The first three GF lenses are:
GF63mmF2.8 R WR – standard prime lens equivalent to 50mm in the 35mm format.
GF32-64mmF4 R LM WR – wide-to-standard zoom lens equivalent to 25 to 51mm in 35mm format.
GF120mmF4 Macro R LM OIS WR – stabilized mid-telephoto macro prime lens equivalent to 95mm in 35mm format.
The next three GF lenses will be:
GF23mmF4 R LM WR – ultra-wide prime lens equivalent to 18mm in 35mm format.
GF45mmF2.8 R WR – wide-angle prime lens equivalent to 35mm in 35mm format.
GF110mmF2 R LM WR – wide aperture mid-telephoto prime lens equivalent to 87mm in 35mm format.
Ivan Joshua Loh
Jonas Dyhr Rask
Piet Van den Eynde
FUJIFILMglobal –Development of Professional-use Mirrorless Camera System “GFX” / FUJIFILM
Fujifilm’s History of Photographic Achievement
Fujifilm has a long history of achievements and innovations in the photographic sphere and especially in medium and large format photography.
Richard Avedon was a devotee of Fujifilm’s large format lenses for his 8″x10″ sheet film cameras and Greg Gorman relied on the Fujifilm GX 680 series as his main studio portrait cameras for some years.
I once spotted the great German-Australian photographer Helmut Newton toting a Fujica GS645 Professional on his way to a magazine portrait assignment and fell in love with that camera for the purpose, an unrequited love affair alas, as it was with other Fujica cameras due to them being hard to get outside of Japan.
I hope that the big photography and video production trade shows will be coming back to the new International Convention Centre Sydney in Darling Harbour soon – it has been far too long without them.
Camera and Lens Choices
As a magazine editorial portrait photographer, I relied on medium and large format cameras for the way they caused my subjects to quickly settle down and and start projecting to the reader via the camera and lens. That was very different to how they related to 35mm rangefinder cameras and different again to 35mm SLR cameras the few times I used them on assignment.
Just before stepping out of professional photography for a time due to extreme photochemical allergies, I had planned on rationalizing my gear with Fujica 6×4.5cm 120 roll film cameras and the GX680. A GX680 III might have been a good choice with which to enter the digital age as Fuji later introduced a digital back, the DBP for GX680, though that was reportedly only available in Japan.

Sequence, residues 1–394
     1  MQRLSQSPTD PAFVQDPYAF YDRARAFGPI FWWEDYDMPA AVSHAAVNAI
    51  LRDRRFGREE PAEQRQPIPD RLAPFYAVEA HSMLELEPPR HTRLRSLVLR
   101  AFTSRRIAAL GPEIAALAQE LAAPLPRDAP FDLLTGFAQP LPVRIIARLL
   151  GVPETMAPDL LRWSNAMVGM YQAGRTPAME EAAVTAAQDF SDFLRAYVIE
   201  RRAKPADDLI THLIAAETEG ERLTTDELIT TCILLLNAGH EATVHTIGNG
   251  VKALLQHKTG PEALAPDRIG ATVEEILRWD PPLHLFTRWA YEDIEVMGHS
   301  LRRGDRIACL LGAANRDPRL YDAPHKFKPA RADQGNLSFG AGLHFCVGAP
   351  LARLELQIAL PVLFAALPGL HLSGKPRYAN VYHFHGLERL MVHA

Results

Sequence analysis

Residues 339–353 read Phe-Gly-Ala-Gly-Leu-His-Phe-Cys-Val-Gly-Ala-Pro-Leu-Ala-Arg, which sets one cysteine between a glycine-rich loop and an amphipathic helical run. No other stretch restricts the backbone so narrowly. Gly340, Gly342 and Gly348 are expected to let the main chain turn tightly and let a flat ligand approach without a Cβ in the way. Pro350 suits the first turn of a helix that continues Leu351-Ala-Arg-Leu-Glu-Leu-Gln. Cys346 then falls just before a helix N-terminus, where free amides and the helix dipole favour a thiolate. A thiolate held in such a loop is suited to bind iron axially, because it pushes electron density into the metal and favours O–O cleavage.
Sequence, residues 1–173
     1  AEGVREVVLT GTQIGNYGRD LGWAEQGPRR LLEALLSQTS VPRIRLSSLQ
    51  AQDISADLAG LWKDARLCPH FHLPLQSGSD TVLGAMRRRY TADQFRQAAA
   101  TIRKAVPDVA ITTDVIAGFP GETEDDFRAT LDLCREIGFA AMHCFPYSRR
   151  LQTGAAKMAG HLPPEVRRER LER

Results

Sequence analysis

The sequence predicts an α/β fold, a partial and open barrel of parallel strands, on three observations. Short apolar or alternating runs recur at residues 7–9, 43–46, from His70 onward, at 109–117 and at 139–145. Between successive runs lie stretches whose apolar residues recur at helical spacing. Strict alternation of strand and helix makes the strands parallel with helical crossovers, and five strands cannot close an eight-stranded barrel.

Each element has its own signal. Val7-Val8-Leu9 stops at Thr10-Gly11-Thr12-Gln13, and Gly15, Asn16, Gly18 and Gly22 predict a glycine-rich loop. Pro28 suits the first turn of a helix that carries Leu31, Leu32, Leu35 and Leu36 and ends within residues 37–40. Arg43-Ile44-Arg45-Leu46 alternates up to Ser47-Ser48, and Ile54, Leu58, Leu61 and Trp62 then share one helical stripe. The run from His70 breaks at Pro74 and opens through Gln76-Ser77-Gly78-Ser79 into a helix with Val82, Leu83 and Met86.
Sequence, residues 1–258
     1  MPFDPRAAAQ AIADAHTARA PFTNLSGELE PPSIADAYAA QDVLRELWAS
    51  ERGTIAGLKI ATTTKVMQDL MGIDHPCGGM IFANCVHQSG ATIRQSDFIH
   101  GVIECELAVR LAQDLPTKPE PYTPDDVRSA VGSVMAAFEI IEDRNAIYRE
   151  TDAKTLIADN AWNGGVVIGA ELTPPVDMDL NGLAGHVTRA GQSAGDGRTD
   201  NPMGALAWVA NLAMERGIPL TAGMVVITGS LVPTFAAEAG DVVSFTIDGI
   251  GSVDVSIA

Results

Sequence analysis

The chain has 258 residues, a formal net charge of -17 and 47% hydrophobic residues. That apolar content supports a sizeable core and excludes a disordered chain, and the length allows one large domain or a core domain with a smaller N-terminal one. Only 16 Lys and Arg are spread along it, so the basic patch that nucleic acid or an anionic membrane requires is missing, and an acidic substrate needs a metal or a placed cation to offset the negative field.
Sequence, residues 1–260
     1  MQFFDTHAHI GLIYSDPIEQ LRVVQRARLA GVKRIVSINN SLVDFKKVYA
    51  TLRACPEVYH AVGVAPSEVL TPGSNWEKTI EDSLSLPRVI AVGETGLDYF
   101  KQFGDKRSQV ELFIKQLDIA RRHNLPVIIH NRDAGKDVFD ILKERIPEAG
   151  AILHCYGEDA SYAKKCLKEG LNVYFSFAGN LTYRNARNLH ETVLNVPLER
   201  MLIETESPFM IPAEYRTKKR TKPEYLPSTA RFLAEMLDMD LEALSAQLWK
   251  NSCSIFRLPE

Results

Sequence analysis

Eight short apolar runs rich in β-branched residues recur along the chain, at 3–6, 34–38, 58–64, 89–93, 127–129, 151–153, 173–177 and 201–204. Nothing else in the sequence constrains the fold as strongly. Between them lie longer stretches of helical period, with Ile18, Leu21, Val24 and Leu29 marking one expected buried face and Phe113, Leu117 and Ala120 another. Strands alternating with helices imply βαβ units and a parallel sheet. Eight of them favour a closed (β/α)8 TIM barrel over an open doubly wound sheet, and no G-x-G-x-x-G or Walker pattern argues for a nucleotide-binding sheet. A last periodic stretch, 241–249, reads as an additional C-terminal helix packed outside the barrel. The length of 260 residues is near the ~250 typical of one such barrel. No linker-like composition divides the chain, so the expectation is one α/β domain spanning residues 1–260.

The GX680 series was celebrated for its big range of top notch lenses, 17 in all with one of them a zoom lens, as well as an even larger range of accessories. Lucky owners reported that their experience of the GX680 was a little like using a small view camera, a little like using a 120 format SLR and a little like using a motor drive SLR.
From what little I have seen of using the GFX 50S, its user experience seems like something of a hybrid too, given its fealty to Fujifilm’s X-Series cameras and lenses and even, perhaps, aspects of the FinePix S5 Pro and its S-Series predecessors. We will learn more soon and I am hoping Fujifilm Australia will host a GFX 50S launch event similar to its X-T2 event earlier this year to enable some hands-on experience.
Back to my editorial portraiture experience. I would often be lucky to get not much more than fifteen minutes to meet, greet, assess, set up, light, shoot then pack up for a typical portrait session. That was a product of expectations created by other magazine and newspaper photographers’ typical modus operandi, and client requirements of three to five such assignments per day.
The challenge was to come up with enduring, insightful portraits of two basic types, a landscape aka horizontal format environmental portrait and an intense vertical format full-face portrait. If time allowed I would grab more candid shots with my Leicas. My clients rarely needed more than those two types of portraits, though, one for the article intro and often full-page and the other in the body of the article. I like some focal lengths for 1:1, prefer others for 4:3 and 3:2, and others again for 16:9.
I used a medium wide angle lens for the environmental portrait, lens stopped down for detail and camera mounted on a tripod. A medium long telephoto macro lens was perfect for the emotionally-engaging full-face portrait. I usually carried a three-light flash kit but substituted it with a single continuous light when needing to shoot in 35mm only.
Looking at Fujifilm’s 2017 GF-Series lens list, of the three to be released in the first part of the year I would choose the GF 120mm f/4 R LM OIS WR and the GF 32-64mm f/4 R LM WR.